UN Sustainable Development Goals: The Power of Participatory Democracy
Millennium Development goals came out of the
UN’s Millennium Summit in 2000. And those set a series of high-profile benchmarks
for trying to reduce poverty and improve governance across the world.
What’s happening now at the UN is sort of the next wave of how do we build off of that progress.
And also broaden out the scope so the Sustainable Development Goals that are being negotiated
now focus on issues like climate and ecological sustainability and good governance and inclusion. One aspect of Goal 16 involves inclusive governance, participatory mechanisms. Mechanisms by which citizens can meaningfully influence the policymaking process. What makes this exciting is that it goes beyond poverty reduction to recognize that you can’t have effective pathways to economic equality without participatory decision making. Many times you talk about the need of more participation, more democracy. But we never
ask why. Right, why is it good? The promise of inclusive governance and participatory decision making isn’t that citizens feel good. It’s that policy is better. With participatory democracy the ownership that people in the community have over the
ideas that they have, it creates a whole different dynamic of stewardship and communities around people getting what they want and then feeling like they’re going to protect what it is
that they’ve achieved. U.S. democracy, while better than many democracies
in many respects, is still far from perfect. I think while we talk about the United States
being a beacon of democracy, the reality is there are many groups of people that aren’t
actually at the table making decisions and participating in the democratic process: people
of color, low-income people, etc. The most interesting question is what the
Sustainable Development Goals look like in the U.S. context. If we could engage citizens in their neighborhoods, in planning decisions, in resource allocation decisions, it could transform public policy in this country. Participatory budgeting is probably the forum that’s gaining the most traction. We have been initiating a process here in New York City where ordinary people, residents in their communities, get to decide how to spend public money directly. In Boston, we’ve done the nation’s first-ever youth-focused participatory budgeting initiative.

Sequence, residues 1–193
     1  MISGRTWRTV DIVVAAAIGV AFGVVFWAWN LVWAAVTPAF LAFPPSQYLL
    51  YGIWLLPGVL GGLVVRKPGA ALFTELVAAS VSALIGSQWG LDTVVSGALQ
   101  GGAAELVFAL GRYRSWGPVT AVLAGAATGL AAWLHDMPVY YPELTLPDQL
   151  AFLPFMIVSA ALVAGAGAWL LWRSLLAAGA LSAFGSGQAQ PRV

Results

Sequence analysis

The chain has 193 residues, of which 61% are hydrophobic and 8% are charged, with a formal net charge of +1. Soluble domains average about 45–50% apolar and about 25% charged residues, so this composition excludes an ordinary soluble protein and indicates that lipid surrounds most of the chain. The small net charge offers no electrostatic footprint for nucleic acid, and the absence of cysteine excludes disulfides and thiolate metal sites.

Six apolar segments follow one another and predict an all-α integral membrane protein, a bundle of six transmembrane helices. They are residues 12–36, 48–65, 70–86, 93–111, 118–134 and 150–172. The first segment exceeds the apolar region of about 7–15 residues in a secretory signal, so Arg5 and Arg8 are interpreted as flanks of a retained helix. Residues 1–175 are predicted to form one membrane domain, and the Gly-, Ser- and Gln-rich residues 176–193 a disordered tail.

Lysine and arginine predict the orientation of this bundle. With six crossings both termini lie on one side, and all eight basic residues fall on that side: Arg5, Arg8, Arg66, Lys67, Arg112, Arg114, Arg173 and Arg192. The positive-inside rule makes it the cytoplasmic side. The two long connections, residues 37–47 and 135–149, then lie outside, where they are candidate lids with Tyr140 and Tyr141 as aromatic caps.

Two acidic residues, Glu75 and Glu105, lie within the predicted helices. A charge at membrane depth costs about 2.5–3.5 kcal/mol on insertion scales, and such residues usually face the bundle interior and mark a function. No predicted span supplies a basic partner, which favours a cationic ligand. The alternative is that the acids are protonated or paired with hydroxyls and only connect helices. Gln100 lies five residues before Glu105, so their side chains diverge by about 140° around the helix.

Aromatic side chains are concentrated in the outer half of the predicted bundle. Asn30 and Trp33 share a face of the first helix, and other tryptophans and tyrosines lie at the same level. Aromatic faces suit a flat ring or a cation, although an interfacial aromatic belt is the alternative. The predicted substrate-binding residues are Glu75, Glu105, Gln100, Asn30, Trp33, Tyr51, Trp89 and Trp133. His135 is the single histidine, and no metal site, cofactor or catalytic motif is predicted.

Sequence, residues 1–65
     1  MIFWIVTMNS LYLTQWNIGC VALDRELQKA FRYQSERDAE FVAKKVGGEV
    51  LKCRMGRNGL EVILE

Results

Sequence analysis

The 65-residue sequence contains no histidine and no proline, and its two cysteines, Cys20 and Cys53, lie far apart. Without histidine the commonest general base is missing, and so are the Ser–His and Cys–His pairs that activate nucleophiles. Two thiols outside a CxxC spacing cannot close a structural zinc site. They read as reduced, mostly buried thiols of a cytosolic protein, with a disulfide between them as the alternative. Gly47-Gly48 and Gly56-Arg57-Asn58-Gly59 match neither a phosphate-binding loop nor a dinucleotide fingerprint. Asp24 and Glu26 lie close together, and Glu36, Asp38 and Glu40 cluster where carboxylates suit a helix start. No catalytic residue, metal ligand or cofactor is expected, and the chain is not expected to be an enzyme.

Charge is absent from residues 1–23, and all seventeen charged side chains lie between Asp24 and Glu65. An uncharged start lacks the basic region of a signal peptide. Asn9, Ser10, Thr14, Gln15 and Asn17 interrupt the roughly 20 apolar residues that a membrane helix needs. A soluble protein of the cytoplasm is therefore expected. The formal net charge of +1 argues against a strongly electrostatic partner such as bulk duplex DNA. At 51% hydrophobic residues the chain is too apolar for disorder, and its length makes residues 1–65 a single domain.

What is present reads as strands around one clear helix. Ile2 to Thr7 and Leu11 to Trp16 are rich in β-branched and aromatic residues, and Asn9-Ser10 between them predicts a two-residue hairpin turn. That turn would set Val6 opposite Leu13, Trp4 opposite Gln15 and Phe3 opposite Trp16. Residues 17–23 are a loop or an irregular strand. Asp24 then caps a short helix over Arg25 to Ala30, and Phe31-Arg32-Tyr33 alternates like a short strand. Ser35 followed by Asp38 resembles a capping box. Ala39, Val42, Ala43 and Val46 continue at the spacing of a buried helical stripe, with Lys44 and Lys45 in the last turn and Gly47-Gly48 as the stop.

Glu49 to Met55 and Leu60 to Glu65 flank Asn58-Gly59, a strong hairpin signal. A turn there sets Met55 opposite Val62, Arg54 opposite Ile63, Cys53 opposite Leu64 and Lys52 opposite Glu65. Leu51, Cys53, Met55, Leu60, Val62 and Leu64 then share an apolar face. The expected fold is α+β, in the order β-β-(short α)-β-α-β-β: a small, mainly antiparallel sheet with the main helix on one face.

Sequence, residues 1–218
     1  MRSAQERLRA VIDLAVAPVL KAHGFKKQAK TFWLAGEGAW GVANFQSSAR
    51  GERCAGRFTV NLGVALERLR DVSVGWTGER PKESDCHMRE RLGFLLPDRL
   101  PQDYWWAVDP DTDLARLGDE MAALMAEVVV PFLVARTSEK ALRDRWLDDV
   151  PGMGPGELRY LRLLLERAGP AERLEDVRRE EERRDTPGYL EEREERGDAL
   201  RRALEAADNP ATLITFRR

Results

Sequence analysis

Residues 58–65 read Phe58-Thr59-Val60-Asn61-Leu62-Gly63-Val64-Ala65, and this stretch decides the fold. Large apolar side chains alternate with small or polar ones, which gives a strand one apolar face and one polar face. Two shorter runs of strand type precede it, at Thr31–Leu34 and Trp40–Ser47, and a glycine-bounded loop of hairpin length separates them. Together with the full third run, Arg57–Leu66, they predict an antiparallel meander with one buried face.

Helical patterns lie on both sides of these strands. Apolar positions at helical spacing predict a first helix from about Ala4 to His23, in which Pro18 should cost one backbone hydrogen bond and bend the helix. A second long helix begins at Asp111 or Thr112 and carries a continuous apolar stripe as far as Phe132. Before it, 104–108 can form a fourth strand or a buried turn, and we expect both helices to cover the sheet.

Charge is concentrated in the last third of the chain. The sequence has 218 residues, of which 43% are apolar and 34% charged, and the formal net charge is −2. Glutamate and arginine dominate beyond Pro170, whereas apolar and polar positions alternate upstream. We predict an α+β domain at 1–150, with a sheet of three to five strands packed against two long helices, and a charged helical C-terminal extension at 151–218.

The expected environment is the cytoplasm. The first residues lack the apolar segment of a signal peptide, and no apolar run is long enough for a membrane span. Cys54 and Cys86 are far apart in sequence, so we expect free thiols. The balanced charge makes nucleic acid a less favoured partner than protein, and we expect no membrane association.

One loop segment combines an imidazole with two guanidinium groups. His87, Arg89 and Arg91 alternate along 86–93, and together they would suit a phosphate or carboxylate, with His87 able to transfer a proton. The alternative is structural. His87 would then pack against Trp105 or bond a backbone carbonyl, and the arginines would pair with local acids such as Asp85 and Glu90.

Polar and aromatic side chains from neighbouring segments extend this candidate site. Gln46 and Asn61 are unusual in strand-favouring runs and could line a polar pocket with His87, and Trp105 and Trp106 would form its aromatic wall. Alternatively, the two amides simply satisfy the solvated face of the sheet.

So we’re seeing park renovations, school renovations, items that young people designed
and said we really need this so that we can move about our city and be excited. And so
it really reflects what our society is going to look like in Boston, five, ten, fifteen
years from now. In Portsmouth, New Hampshire, the schools
were having a bullying problem. And the city manager had the idea to engage parents in
solving the problem. What he thought would be a one-time conversation
with parents actually stretched over two years and resulted in a very serious set of recommendations
that the city ultimately adopted. Now it’s become a mechanism called “Portsmouth
Listens,” and they routinely take up issues in their community. The United States can be inspired by alternative methods of engagement. In Brazil, in India, South Africa, and some of these other countries, we have far more
innovative democracies. They’ve created a better system, a kind of more supportive infrastructure for engagement for democratic innovation. For some, governments being inclusive means posting information on a website. It means
creating a 311 hotline, so that someone can complain about a problem.
There’s a range of ways in which we can think about creating more inclusive governance
and more participatory decision making, but we’re not having that conversation. The Sustainable Development Goals gives us that opportunity. Government succeeds when people trust their institutions, but also when they see that
the government acts with neutrality. So perceiving that everybody stands the same or maybe similar chance of making a difference. We’re finding that people that participate
in the process start to become more active agents of change in their communities around
a variety of issues. I think that the SDGs are an opportunity for
us to set goals as a people and to say that these are what our beliefs and our standards
are, and this is the kind of world that we’re trying to effect.
Participation as a goal is an important part of the common future that we build. And the
more we can build that to be a positive force, the further we can all go together.